There’s nothing very pastoral, though, about ENO’s Acis and Galatea which, as the Coliseum is hosting a series of
summer revenue raisers (
Opera North’s Kiss Me, Kate
arrives next week), is being performed at ENO’s rehearsal space, Lilian
Baylis House. The only ‘greenery’ in director Sarah Tipple’s
hyper-active production, is the astro turf beneath the feet of the
orchestra, seated to one side in a mirror-clad grotto which does its best
to hint at leafy groves and trickling streams.
Designer Justin Nardella’s set presents a panoply of party-props – a livid
yellow fancy-dress box (though the merry-makers’ Hawaiian shirts, wellies,
out-size spectacles and outlandish head-gear are surely ‘fancy’ enough),
beach balls, plastic dinosaurs, inflatable unicorns, and the like. And,
should the ‘hedonism’ over-heat, the party-planner – a nerdy type, who
wanders in from time to time, checking his itinerary on an i-Pad – has
ensured that they have a convenient cool-drinks dispenser at their
The revellers are social media techies, and these self-regarding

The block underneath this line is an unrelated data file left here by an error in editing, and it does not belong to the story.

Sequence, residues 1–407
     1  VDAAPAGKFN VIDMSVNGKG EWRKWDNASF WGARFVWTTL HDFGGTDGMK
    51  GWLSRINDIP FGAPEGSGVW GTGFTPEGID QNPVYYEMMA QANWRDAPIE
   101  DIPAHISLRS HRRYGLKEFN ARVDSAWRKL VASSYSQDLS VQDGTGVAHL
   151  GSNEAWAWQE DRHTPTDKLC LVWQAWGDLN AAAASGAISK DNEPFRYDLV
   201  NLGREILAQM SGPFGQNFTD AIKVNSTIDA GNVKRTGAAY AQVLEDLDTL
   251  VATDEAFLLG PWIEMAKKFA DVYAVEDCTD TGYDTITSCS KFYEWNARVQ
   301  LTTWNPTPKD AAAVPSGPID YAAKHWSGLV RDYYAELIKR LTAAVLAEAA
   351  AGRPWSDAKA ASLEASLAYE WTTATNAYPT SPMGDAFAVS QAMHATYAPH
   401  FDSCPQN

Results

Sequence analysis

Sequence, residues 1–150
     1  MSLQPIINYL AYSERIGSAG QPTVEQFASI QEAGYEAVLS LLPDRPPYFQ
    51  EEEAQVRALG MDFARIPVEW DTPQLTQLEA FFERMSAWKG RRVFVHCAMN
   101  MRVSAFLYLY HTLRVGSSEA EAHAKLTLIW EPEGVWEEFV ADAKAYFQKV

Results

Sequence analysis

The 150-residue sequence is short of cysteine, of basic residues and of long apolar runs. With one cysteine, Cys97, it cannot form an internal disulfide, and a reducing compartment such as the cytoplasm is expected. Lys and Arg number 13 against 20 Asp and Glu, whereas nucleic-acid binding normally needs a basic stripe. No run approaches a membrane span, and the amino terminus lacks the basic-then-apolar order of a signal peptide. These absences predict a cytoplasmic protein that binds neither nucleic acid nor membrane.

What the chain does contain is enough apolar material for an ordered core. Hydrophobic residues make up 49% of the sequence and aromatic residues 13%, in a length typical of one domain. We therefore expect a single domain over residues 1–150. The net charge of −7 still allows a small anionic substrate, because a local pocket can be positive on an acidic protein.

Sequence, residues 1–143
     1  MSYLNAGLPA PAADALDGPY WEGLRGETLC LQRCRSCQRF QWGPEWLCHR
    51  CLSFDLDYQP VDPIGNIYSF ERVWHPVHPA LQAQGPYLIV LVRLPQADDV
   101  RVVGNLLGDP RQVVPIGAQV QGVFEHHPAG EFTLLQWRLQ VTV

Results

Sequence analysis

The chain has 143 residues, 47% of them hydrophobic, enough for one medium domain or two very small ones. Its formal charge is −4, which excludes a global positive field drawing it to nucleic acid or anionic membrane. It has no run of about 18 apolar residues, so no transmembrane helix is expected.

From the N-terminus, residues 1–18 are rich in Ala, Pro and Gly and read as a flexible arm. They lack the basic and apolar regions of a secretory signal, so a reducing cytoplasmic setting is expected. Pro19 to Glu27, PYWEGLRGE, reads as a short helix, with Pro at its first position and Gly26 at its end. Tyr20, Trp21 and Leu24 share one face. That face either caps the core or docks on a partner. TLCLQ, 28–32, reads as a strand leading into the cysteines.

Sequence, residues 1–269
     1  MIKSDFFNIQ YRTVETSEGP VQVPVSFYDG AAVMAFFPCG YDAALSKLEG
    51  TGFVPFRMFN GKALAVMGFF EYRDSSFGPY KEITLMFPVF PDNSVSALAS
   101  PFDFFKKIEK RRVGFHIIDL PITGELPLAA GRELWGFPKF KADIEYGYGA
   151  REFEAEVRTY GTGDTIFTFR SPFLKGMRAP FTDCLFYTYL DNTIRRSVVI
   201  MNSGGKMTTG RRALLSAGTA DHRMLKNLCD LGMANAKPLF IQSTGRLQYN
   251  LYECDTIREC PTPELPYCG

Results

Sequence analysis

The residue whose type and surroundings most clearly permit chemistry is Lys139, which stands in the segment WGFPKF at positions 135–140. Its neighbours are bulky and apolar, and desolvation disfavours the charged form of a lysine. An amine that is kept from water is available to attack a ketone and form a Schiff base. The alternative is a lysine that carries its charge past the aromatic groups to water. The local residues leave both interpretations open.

selfie-takers are kept doubly entertained as they watch their own carousing
and cavorting unfold via four corner-stationed, huge i-Phones. During the
party-games, Galatea is ‘crowned’ Queen and draped in ermine. As she and
Acis canoodle, ‘O happy we!’ the members of the ENO Chorus sing, in hearty
and joyful voice, as they swig beer, dance with unselfconscious abandon,
and flop on bean-bags for a time-out. Indeed, perhaps they’d swigged a few
too many bottles for the choric cries of glee drifted a bit behind
conductor Nicholas Ansdell-Evans’ swift beat.
Ella Kirkpatrick, Michael Burke, Adam-Sullivan and ENO Chorus. Photo credit: Dani Harvey.
There’s nothing wrong at all with Sarah Tipple’s decision to eschew Ovid’s
pastoral paradise and John Gay’s satirical lampooning, and to present the
mythical romance as a slight tale of modern-day merry- and mischief-making.
After all, Acis and Galatea began life as an entertainment for a
private party, commissioned c. 1718-20 by James Brydges, Earl of Carnavon
and later Duke of Chandos, to amuse the guests at Cannons, the stately home
on his grand Middlesex estate. And, in contrast to Martin Parr’s production